Yet, if a patient is being treated with TSM for alcoholism and they are instructed to take naltrexone with alcohol, they will, of course, test positive for alcohol. The “clean urine” is no longer a valid marker for treatment success.

Still, it is possible to clearly measure success with The Sinclair Method by tracking other indicators of improvement. Patients are often instructed to log alcohol cravings and keep track of their drinking days and alcohol-free days.

By tracking alcohol intake over time, it is possible to demonstrate the path towards extinction of the alcohol habit. Therefore, success with TSM can be objectively demonstrated when data is carefully collected.

With medication assisted treatment for alcoholism, are rehab programs still relevant for overcoming alcohol?

Currently, a patient can see a private doctor about TSM without attending rehab. They can continue with their daily life, working and being at home with their family. Is there still any reason for an alcoholic to consider going to rehab?

In some cases, a person addicted to alcohol may be in imminent danger from their addiction. They may be putting themselves or others at risk of immediate, serious harm.

Additionally, there are people who have pushed their health to the limit and should not take the chance of introducing any more alcohol into their system. A program of gradual alcohol reduction, such as The Sinclair Method, may not be the best option for patients who have serious health issues as a result of alcohol abuse.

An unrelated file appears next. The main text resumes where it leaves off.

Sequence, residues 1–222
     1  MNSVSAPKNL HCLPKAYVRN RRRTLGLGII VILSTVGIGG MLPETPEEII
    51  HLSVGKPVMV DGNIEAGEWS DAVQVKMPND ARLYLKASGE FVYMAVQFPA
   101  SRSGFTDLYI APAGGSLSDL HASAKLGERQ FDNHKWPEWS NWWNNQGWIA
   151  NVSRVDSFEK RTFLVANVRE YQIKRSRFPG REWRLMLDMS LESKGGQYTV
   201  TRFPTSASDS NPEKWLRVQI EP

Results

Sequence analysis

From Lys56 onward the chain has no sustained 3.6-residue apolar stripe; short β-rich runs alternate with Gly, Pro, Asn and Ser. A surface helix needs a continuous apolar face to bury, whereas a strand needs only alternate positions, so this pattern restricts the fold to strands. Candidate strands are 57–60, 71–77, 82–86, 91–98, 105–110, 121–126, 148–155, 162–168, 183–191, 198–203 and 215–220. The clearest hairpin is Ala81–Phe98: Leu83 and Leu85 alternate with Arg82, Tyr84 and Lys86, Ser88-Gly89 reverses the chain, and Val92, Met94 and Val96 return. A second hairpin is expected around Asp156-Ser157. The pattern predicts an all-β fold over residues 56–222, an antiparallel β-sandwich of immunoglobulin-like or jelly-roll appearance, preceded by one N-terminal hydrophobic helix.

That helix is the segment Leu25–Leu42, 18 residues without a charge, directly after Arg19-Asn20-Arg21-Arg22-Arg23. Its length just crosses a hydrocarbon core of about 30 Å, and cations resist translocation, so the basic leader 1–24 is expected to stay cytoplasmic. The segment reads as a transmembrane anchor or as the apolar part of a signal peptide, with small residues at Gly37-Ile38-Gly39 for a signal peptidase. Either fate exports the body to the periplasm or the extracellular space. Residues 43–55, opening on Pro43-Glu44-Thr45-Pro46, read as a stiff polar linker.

What happens when a person really needs rehab, but they don’t want to go?

Family members may be tempted to ask their doctor, or the police, to Baker Act their loved one. They want to ensure that their loved one is taken in to be observed and treated at a psychiatric facility.

The Baker Act, which is commonly used as a verb, as in “to Baker Act someone,” is a law that allows the courts to force a person to go to up to 72 hours of mandatory mental health evaluation and treatment. The requirement for using the Baker Act is that the person is known to be a harm to themselves or others.

While this law has likely saved many lives, when it comes to addiction treatment, there may be better options. Many states have specific laws regarding mandatory addiction treatment. In Florida, it is the Marchman Act.

It is important for family members who are seeking this option to protect a loved one to be careful in what action they choose to take. I recommend consulting with a lawyer who has experience of working with clients in these situations.

What happens after rehab?

While rehabs do not have a great track record, they do work for many people. If you go to rehab and enjoy involvement in group therapy and 12-step group meetings, then you may have found the perfect environment to support your recovery.